ars ludi

if you asked Ben's brain about gaming, this is what it would say

The Coaster Double-Dares You

A long, long time ago when I was taking Psych courses, I got the idea drilled into me that subjects must voluntarily and willingly take part in your studies. You must get consent. Which, as an experimental psychologist, is a bummer, because you can learn all sorts of exciting things if you pounce on people at unawares and subject them to your intricate and nefarious mind games. But despite how productive it is, it’s totally unethical, because maybe they just wanted to go to the grocery store and buy some milk, not be lured into your staged mugging to test “bystander intervention” and “diffusion of responsibility”.

I play games with strangers all the time. Lots and lots of strangers. Playing with people you don’t know adds a whole realm of issues, even more so in games where the personal stakes are higher, like story games that ask you to contribute creatively and cooperate (compared to something like Chess where the players don’t even have to speak or look at each other).

Now imagine playing a game with strangers, except the strangers don’t know they are playing. That’s the idea behind SpeakEasy, a new pub game now on Kickstarter.

Fascinating? Disturbing? Risky? Unethical? Maybe all of the above? Could be. But that doesn’t mean it’s not an interesting design space to explore. And the people I’ve seen play it have definitely had fun. Take a look and decide for yourself:

Full disclosure: I’m a friend of Jerome, one of the creators of the game. You may recognize him from our Salem Fiasco game or hosting meetups at Story Games Seattle.

Fleeing From Goblins, West Marches-style

In Ben’s original West Marches campaign, he arranged the adventure-filled regions of his wilderness in order of challenge, more or less. The further you were from town, the more likely you were to be in an extremely dangerous place…

Ben tells an anecdote about his players fleeing from goblins for days, ultimately having to run so far they fled into a vermin-filled swamp. He also talks about the barrow wights in the otherwise pleasant Wil Wood – dangerous, but easily avoided, an in fact not that easy to find.

These got me thinking about non-mechanical difficulty levels for monstrous threats in general.

Some very cool ideas from Michael Prescott about determining a monster’s challenge by its behaviors, like how much they’ll pursue, how organized they are, etc. I think it has a ton of potential. Check it out.

Watch the Unwatchable Foreign Film

Jackson Tegu has been working on a hack of Microscope called Kaleidoscope:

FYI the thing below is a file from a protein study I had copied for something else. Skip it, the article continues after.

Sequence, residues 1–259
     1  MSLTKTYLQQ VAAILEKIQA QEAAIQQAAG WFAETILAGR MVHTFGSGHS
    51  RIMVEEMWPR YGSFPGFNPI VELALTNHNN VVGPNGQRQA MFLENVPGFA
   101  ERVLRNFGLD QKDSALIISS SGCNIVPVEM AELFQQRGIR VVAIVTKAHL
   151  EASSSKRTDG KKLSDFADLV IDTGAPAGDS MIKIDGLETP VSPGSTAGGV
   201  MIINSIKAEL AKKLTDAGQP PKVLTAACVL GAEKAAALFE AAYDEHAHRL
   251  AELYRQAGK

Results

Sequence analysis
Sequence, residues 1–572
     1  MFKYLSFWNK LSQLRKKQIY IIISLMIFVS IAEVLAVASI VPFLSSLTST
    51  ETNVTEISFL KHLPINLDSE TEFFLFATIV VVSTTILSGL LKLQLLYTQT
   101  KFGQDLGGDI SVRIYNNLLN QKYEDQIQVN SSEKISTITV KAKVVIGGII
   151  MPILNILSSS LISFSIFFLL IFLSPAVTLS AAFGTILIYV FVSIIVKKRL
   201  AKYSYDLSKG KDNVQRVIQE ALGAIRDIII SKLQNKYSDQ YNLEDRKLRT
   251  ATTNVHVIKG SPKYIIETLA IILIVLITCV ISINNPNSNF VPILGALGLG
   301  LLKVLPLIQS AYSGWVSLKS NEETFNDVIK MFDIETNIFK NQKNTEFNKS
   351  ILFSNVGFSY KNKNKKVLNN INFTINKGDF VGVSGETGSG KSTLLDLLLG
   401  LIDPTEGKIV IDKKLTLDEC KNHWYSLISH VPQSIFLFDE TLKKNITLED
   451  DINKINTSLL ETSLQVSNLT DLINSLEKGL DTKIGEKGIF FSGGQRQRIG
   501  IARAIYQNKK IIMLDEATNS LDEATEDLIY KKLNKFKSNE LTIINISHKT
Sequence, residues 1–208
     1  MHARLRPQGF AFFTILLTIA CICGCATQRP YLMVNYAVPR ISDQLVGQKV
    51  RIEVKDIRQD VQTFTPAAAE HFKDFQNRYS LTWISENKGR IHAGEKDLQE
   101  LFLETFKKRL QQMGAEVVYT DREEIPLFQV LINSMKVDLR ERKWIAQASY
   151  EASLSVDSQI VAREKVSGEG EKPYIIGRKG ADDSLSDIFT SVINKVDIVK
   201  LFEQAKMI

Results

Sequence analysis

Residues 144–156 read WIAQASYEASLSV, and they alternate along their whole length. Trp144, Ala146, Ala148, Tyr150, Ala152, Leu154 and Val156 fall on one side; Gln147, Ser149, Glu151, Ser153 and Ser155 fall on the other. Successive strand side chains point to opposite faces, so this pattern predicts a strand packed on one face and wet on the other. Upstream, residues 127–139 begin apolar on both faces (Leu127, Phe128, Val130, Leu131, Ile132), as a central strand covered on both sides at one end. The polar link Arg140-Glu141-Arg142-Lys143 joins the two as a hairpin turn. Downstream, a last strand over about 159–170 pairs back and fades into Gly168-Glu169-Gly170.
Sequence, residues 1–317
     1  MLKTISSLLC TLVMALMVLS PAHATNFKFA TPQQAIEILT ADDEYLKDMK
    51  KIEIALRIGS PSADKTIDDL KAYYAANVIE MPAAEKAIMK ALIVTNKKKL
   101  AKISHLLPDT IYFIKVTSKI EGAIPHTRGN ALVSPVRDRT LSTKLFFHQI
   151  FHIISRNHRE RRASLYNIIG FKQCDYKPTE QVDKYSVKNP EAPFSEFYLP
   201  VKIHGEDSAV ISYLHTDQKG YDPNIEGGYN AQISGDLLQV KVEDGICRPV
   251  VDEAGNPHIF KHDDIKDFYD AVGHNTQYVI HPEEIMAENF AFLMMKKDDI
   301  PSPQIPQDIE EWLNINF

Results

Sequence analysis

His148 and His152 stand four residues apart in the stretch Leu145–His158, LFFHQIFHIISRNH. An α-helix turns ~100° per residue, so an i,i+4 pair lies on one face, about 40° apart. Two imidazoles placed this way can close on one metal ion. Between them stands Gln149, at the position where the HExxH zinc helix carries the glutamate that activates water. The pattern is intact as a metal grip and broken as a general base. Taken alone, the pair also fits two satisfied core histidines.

Gather 3-5 players, set aside 2 hours, and make up an unwatchable “foreign” film using a pile of index cards and your crazy brains!

Use this step-by-step guide to guffaw your group through non-chronologically remembering a wildly bizarre movie that you apparently just watched together! On each player’s turn they write a part or moment into the movie (oh, I mean remember a part or moment of the movie they saw, pardon me) and insert it anywhere into the timeline you’re collaboratively creating!

Kaleidoscope, a thorough stand-alone hack of Ben Robbin’s celebrated Microscope: a fractal role-playing game of epic histories, has been simmering on my back-burner for a couple of years, and I want to share the laughs!

You can buy it right now.

Return to the Angry Red Planet

Tim C Koppang has a sequel to Mars Colony in Kickstarter right now: Mars Colony 39 Dark.

Nope, it’s not just a new improved Mars Colony. It’s Mars Colony from the point-of-view of the rebels.

What’s different is that 39 Dark is a look at the colony from the people up instead of from the government down. Some number of years have passed since Kelly Perkins attempted to fix the colony’s problems. Things have not gone well. Now a protest movement, 39 Dark, has gained a lot of traction. No one can ignore them any longer. You’ll be playing as Lane Novak, the leader of 39 Dark, as he or she tries to take matters into her own hands.

Mars Colony has been a favorite ever since we picked up an early version at GenCon years back. I’ve loved it because it’s one of the few games I’ve seen that tackled real world issues of governance and civics. It’s also ultra-rare in that it’s a hard-hitting RPG designed for exactly two people.

Here’s a walk down memory lane of some of the amazing Mars Colony games we’ve played:

I can’t wait to take it for a spin.

Aaron Allston

A long, long time ago, Aaron Allston sent me my very first rejection letter. He did me a huge favor.

Rest In Peace.

A Battle of Men Against Men

It was Sam’s first view of a battle of Men against Men, and he did not like it much. He was glad that he could not see the dead face. He wondered what the man’s name was and where he came from; and if he was really evil of heart, or what lies or threats had led him on the long march from his home; and if he would not really rather have stayed there in peace…

The Two Towers, J. R. R. Tolkien

Pretty much what you’d expect, right? Now look at the lines right before that:

Then suddenly straight over the rim of the sheltering back, a man fell, crashing through the slender trees, nearly on top of them. He came to rest in the fern a few feet away, face downward, green arrow-feathers sticking from his neck below a golden collar. His scarlet robes were tattered, his corset of overlapping brazen plates was rent and hewn, his black plaits of hair braided with gold were drenched with blood. His brown hand still clutched the hilt of a broken sword.

It was Sam’s first view of a battle of Men against Men…

That’s the first appearance of a black person in Lord of the Rings. Does Sam say “holy shit, look at that guy’s skin?!?” No. He doesn’t even bat an eye. He thinks of him as just another person caught in this war and wonders if he would have been happier at home.